On Writing Well: An E-Mail Dialogue

By Dieterich, Dan; Bowman, Joel | Business Communication Quarterly, September 1996 | Go to article overview

On Writing Well: An E-Mail Dialogue


Dieterich, Dan, Bowman, Joel, Business Communication Quarterly


To initiate a discussion of what it means to "write well," I sent a message to the BIZCOM listserv - an automated electronic mailing list sponsored by the Association for Business Communication. Many of the leaders in our profession subscribe to BIZCOM, so this was an easy way to ask them their opinions on this topic. Several ABC members contributed, but Joel Bowman and I provided most of the dialogue. What follows is an edited version of that dialogue. - DD

Dan Dieterich: What's the function of the business writing instructor/writing consultant? Is it to help people to write as much as possible like others in the discourse community to which they aspire/belong? Or is it to help people "write well"? Even though no two of us would define "writing well" in exactly the same way, I imagine that most business writing instructors and consultants make that our goal. One instructor works to achieve clarity and conciseness. For him, that's "writing well," and he finds that his students (like mine) value knowing how to do that. I can imagine a discourse community, however, in which writing clear, concise correspondence would be viewed by readers as a dangerous aberration. We can solve the dilemma by defining "writing well" as adapting writing to the discourse community that will read it. I wonder, however, how many of us do define it that way. I wonder also about the ethical implications of that definition.

Janet Novotny: Well, I agree with you, Dan. As I do more and more consulting, I realize that we have to define "good" in a specific context, and that does not always include what we would consider good, that is, excellent from our technical criteria as writers and instructors of writing.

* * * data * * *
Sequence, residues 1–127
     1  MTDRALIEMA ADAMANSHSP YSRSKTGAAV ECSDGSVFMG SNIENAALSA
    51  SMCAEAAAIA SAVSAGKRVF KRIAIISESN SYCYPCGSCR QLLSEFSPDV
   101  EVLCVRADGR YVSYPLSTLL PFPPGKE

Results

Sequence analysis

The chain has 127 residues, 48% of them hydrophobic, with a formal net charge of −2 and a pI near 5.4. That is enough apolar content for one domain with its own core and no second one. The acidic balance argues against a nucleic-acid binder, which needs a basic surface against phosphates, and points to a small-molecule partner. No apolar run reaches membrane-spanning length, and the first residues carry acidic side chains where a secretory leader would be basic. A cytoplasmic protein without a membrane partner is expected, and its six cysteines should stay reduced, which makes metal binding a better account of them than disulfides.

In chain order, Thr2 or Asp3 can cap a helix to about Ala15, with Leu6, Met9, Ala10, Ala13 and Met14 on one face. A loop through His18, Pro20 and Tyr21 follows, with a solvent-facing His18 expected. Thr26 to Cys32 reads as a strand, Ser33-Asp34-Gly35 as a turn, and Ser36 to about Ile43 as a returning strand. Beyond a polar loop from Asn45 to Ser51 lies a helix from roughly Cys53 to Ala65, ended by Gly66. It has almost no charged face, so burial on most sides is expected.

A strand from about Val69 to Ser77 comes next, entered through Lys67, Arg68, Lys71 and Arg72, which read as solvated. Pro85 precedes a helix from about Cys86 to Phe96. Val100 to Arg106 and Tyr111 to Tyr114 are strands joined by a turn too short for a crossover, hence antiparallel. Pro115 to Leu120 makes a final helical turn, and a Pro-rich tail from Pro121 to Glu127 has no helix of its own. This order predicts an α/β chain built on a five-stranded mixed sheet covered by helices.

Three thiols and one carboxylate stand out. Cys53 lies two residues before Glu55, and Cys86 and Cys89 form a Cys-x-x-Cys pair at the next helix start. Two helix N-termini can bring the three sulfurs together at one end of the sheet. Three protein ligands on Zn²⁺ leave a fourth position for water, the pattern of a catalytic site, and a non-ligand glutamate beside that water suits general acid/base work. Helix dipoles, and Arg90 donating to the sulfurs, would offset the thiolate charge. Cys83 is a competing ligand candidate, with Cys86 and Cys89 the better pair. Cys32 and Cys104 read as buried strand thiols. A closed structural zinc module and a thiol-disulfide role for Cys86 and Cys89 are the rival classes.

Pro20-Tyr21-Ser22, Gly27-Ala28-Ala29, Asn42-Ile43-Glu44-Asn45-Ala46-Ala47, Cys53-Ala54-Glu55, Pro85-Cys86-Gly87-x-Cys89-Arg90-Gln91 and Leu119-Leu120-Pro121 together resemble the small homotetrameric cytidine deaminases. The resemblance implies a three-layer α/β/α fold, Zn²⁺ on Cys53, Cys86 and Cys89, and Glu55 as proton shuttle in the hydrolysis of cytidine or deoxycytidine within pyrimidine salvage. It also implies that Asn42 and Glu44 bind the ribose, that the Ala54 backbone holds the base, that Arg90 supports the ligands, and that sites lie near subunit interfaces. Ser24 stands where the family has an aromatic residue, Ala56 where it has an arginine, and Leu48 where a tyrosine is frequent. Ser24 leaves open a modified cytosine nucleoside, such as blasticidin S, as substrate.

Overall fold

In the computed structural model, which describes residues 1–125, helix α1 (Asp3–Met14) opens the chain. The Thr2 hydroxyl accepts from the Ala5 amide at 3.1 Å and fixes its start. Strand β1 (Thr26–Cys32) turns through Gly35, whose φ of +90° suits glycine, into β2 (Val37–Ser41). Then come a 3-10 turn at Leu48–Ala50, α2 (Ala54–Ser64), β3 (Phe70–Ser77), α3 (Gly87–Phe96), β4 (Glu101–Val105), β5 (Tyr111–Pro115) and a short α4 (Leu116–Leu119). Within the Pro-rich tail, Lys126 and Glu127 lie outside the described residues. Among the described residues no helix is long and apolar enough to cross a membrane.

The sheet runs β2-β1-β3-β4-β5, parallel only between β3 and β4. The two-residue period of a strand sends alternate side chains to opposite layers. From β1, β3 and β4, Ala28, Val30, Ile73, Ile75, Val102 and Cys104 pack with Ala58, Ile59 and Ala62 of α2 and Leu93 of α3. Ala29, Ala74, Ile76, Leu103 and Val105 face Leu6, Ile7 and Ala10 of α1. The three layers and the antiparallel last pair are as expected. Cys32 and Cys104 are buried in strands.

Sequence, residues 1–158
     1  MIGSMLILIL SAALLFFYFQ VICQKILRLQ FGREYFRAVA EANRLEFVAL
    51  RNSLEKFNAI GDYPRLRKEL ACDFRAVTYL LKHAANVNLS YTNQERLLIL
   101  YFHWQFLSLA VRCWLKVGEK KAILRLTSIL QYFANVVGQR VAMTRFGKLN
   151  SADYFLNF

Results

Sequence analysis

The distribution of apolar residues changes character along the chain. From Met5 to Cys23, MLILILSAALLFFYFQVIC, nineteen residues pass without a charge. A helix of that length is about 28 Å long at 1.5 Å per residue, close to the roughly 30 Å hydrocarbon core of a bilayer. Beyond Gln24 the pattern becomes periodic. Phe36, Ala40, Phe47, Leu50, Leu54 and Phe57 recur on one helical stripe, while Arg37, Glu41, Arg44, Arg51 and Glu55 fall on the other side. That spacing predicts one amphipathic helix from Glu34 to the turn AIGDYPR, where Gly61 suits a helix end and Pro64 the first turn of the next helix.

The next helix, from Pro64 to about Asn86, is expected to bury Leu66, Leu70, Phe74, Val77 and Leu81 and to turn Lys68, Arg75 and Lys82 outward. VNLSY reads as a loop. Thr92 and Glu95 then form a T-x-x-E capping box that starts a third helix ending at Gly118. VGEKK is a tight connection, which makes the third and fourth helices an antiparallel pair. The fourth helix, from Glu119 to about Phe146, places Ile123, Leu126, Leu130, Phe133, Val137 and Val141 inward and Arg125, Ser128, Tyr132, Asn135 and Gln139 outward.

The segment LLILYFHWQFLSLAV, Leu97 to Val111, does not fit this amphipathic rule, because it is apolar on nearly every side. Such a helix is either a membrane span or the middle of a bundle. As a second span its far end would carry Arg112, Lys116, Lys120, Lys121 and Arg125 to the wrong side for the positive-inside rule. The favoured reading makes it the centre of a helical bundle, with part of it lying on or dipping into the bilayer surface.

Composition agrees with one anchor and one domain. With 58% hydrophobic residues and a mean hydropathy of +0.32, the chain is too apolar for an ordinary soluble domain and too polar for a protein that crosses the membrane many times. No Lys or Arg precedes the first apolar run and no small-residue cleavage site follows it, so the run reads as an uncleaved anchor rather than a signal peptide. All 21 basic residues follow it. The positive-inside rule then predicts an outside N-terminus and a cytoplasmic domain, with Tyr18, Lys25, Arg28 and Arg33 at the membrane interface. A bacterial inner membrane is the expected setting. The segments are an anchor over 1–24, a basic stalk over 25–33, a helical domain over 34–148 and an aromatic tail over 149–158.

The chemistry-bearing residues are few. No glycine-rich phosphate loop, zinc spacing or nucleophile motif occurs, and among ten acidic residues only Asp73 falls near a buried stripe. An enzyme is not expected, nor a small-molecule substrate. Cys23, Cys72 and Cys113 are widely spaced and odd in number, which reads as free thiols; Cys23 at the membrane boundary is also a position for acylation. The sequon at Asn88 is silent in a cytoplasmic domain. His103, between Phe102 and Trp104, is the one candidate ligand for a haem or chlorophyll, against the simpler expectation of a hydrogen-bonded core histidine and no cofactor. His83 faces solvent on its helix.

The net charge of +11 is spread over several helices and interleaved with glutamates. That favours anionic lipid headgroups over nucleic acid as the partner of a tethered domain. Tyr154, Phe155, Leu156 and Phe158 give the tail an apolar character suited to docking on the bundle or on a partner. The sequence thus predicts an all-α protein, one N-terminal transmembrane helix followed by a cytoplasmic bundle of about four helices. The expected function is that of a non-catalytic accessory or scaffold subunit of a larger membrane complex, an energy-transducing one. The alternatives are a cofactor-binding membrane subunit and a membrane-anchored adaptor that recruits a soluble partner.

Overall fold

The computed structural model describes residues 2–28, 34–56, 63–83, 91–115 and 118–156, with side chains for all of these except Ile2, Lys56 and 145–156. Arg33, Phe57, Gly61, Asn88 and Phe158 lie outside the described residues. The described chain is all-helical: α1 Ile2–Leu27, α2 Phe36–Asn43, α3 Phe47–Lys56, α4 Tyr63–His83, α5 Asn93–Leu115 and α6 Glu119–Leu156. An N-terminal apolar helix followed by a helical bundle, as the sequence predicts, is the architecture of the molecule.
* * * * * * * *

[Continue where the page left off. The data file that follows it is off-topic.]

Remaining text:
Deborah Bosley: Dan, what about instead of defining writing well as adapting to the discourse community, we say that "writing well" is writing that is. adapted to the needs of the audience (who may not be a member of the discourse community that generates the text). For example, I can teach accountants to write great "accountese" if necessary, but will that help them communicate with people like me who don't understand accounting jargon? I'm not part of their discourse community (at least as I think of it; other accountants are part of that community). I'm part of the "other" who isn't a member, and doesn't want to be a member (meaning I don't want to learn their jargon). What I want is to be able to understand and use the message they might send me.

In Search of Excellence

Joel Bowman: If writing "well" is nothing more than adapting one's text to a particular audience or discourse community, what happens to writing "well" in the advent of declining scores on standardized verbal tests, declining reading skills, a general lack of distinction between such words as "affect" and "effect," and a tendency of even professional communicators (TV and radio announcers) to say "conGRADulations"? Note, for example, the "dumbing down" of textbooks (including business communication books) since the 1960s.

What exactly is the standard to which we aspire? It seems to me that there's a difference between "effective communication" and "writing well," that the one focuses on the audience and the audience's response, while the other focuses on certain qualities of prose that should transcend any one audience at any given time. The Harlequin romances outsell Charles Dickens and George Eliot these days, but which would you say is well-written?

If we were teaching high jumping, we'd be after excellence, for people to do more, be more, achieve more than others in their community. We'd be trying to get them to raise the bar. Just because certain "discourse communities" have a high tolerance for bad writing doesn't mean that they don't appreciate better writing when they see it.

It seems to me that we should have some sense of raising the bar when we claim to teach students to "write well," that we should have the aspiration of increasing the standard of excellence for written expression rather than of simply helping people "fit in" with a particular discourse community. …

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